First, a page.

This Palace Is More Than a Corny Attraction

Palace on the Prairie

South Dakota's Corn Palace, which is made up of as many as 300,000 ears of corn, draws more than 400,000 visitors each year. (Greg Lamp)

A-maizing, corn-fused, corn-tastrophe -- the name-calling never ends.

Poke all the fun you want at the Corn Palace, in Mitchell, South Dakota, but it has withstood the digs since it was first built in 1892 to attract settlers to the rolling plains of the Dakotas. Today, its claim to fame is that it's the "world's only corn palace," and it's fit for a king.

In May, Cole and Tammy Svenkeson and their two boys, Titan and Daxtin, from Stacey, Minnesota, stopped to visit the Corn Palace after relatives urged them not to miss it.

"I'd never heard of it before," Cole admits, "but the boys read about it, and after seeing it, we all thought it was cool. It might be the start to an annual tradition for us."

Over the years, the downtown Corn Palace has been built and rebuilt three different times to its current version, which was completed in 1921. Throughout its existence, the building has focused on the artistic murals that can be found both inside and outside of the facility.

"It takes as many as 300,000 ears of corn every year to complete the nine outer murals," says Director Doug Greenway, adding that ryegrass and a perennial weed called sour dock also are used. The 17 interior murals are considered permanent.

Besides the intricate murals, the Corn Palace acts as a civic arena for the city, hosting graduations, sporting events, rodeos, banquets and concerts all the way back to the days of composer John Philip Sousa.


Local farmer Brett Lowrie, from Mount Vernon, contracts to grow the colored corn for the Corn Palace.

"It all started with Indian corn where kernels were hand-separated into like colors from the multicolored ears. Those kernels were then used to keep color purity," he explains. "Today, I plant 3 to 3.5 acres each of 10 colors. We also buy a green corn and use my yellow field corn. I plant 160-foot-wide strips of soybeans or grain sorghum in between to keep from cross-pollinating."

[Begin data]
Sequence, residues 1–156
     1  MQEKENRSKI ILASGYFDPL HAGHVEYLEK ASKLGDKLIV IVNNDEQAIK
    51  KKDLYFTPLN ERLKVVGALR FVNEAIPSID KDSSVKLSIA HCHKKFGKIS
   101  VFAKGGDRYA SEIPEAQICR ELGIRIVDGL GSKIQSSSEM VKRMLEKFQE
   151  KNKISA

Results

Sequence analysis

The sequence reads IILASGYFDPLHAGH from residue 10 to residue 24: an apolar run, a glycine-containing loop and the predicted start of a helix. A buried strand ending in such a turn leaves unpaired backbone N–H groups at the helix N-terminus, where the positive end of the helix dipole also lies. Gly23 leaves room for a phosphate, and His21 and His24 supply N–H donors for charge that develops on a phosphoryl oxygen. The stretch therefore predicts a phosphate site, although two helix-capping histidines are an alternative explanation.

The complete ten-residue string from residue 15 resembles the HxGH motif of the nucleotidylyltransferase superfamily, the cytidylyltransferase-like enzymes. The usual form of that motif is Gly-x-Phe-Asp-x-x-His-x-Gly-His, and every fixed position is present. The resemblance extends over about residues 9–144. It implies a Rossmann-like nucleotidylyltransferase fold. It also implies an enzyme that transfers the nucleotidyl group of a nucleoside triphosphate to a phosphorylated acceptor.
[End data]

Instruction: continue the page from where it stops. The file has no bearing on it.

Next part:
Though Lowrie employs the same fertility and crop-protection program across all his corn acres, the colored corn is planted at a lower population of 12,000 plants per acre. It's also harvested sooner -- at about 40% moisture -- to keep the ears from breaking when they are cut and nailed to a mural. Ears that are 8 or more inches long work best for the artwork. "I'm more concerned about ear size than I am about yield," Lowrie says, "but in the end, I get anywhere from 60 to 100 bushels per acre."


Designing murals starts with a theme and a concept, spearheaded by the Corn Palace board. The next step involves working with students studying digital media and design at nearby Dakota Wesleyan University.

"Our students generate designs aligned with the designated theme, and we present this to the board," says professor and department chair Kyle Herges. "After discussions and revisions, we'll get the final endorsement, and the designs are completed. I tell my students that it's a privilege to design artwork that will be viewed by more than 400,000 individuals, plus those on social media."

Jerry Sickbert, from Santa Claus, Indiana, is one of those travelers who says his parents told him stories about it for years. "I was so impressed when I saw it. It almost reminds me of a Rose Bowl float," he says.


Creating the murals is akin to paint-by-number artwork -- only it's colored corn by the numbers. The students provide a sort of full-sized map that's attached to the building for the decorating crew to follow.

Corn is fastened to the murals, which are backed by treated plywood. All the corn cobs are cut lengthwise so there's a flat side to nail to the plywood. It takes about 200,000 nails, 150,000 staples and 120,000 wire ties to finish the murals.

"Tear-off begins in mid-May, but our goal is to never tear off everything at once so there's always murals for the public to see," says Jeff Hanson, maintenance and decorating supervisor. "In general, we start adding dock in June, ryegrass in July and corn in September. It all has to be finished by December."

By the end of the year, the Corn Palace has gotten its royal treatment once again, and plans begin for the next works of art.


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